Panic attack is a condition in which the body perceives itself to be in mortal danger, even though it is not. Triggered often due to anxiety, a panic attack can potentially strike anytime. The person experiencing the attack might not even understand it and may continue to feel afraid or in danger of dying.
Panic disorder is characterized by the fear of experiencing a panic attack. While the former can be experienced by many people once or twice in their lifetime, only few develop recurrent panic attacks and a fear so deep of these attacks, that it morphs into panic disorder.
Even though the body is in no real danger per se when the attacks happen, however, they can be extremely disruptive. It takes a great toll on their mental health, meriting then the intervention of a Psychiatrist in Lahore.
Symptoms of panic attacks
There can be a wide range of symptoms of a panic attack, and you might not experience them all at once. These symptoms feel like as if you are going to die or are having a heart attack, such is the gravity of the situation.
Some commonly observed symptoms of a panic attack include:
Shortness of breath
Cramps in the abdomen
Fear, especially of losing control
Feeling as if you are dying
Nausea or even diarrhea
Causes of panic attack
A panic attack can occur anytime, and seemingly without an immediate cause. Some people might be doing fine one moment, and the other, they are experiencing the crippling fear of death induced by the panic attack.
Even though the precise causes of a panic attack are not fully understood, there are some risk factors that can increase their likelihood. These include:
Age: Adolescents and young adults are more likely to have panic disorders and panic attacks.
Gender: Women are twice as likely to have panic disorder than their male counterparts.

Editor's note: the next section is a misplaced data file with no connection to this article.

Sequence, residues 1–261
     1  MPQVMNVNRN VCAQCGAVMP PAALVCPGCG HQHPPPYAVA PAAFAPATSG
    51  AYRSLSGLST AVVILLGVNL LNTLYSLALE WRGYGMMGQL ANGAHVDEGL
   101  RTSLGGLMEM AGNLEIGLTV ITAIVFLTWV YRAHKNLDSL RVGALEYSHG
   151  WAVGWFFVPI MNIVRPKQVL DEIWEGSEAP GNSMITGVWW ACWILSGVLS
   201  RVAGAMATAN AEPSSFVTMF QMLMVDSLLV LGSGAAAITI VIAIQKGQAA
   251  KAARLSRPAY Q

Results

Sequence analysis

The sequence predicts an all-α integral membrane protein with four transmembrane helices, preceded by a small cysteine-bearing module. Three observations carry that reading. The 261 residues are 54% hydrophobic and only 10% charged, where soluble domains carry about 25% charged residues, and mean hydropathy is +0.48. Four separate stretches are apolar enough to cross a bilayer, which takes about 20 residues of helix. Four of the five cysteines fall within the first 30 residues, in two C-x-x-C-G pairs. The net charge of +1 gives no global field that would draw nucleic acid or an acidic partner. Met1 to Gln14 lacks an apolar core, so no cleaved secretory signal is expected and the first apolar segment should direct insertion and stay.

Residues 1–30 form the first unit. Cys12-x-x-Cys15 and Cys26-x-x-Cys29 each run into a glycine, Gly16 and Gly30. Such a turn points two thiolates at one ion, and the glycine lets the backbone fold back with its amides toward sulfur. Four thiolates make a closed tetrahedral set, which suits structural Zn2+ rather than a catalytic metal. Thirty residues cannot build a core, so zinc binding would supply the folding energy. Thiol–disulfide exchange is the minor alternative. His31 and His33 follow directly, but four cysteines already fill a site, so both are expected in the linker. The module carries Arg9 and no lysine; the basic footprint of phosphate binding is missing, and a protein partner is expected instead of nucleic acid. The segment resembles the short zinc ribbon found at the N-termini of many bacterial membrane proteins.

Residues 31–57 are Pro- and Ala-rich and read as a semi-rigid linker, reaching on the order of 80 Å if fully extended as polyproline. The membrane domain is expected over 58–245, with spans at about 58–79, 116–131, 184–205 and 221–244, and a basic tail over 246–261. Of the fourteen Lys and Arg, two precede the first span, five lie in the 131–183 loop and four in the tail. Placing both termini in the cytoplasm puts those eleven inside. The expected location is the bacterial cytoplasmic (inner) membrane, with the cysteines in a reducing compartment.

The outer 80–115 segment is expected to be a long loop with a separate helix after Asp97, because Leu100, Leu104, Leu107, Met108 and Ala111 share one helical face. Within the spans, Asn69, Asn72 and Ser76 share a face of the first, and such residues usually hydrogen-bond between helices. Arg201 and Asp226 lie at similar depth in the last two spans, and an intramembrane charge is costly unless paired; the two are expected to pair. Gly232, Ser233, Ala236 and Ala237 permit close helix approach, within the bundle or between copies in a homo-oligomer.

Family history: People with family history of panic disorder are at a higher risk of developing panic disorder.
Major life changes: Events that might involve major transitions, grief, or trauma like death, divorce, accident, losing livelihood or house, etc. may also put one at higher risk of getting panic attacks.
Mental health issues: Certain mental health problems can increase the probability of getting panic attacks. Trauma and PTSD, anxiety, abuse, etc. can lead to higher risk of panic attack and disorder.
Substance abuse: People who have a history of substance or alcohol abuse have a greater chance of getting panic attack.
Treatment of panic attacks
Panic attacks and disorders can be treated; however, your doctor might decide on what treatment option to utilize. The options available for management and treatment include:
There are several types of psychotherapy that can help with panic attacks. One such type of exposure therapy, which involves exposing people to the situations that might trigger the attack and helping them relax in such scenarios.
Another type is cognitive behavioral therapy, CBT. Also known as talking therapy, it aims at changing thoughts and behaviors that can lead to improving symptoms of panic attack.
Some people might also be given panic-focused psychodynamic psychotherapy – PEPP – which can be help in unearthing the reasons behind the panic attack, thereby aiding in improvement of the symptoms.
Since anxiety can increase the risk for panic disorder, therefore, managing stress and anxiety can potentially help. Some Ayurvedic treatments are aimed at relaxing the mind and the body, and thus can help. However, it is best that you consult your doctor first, instead of relying on alternative treatments alone.
In certain cases, people might also require medication as well. Some people might be given antidepressants like SSRIs. Or the best Psychiatrist in Karachi might also prescribe their patients anti-anxiety medication as well. These can also help in improving the severity of symptoms of panic attacks.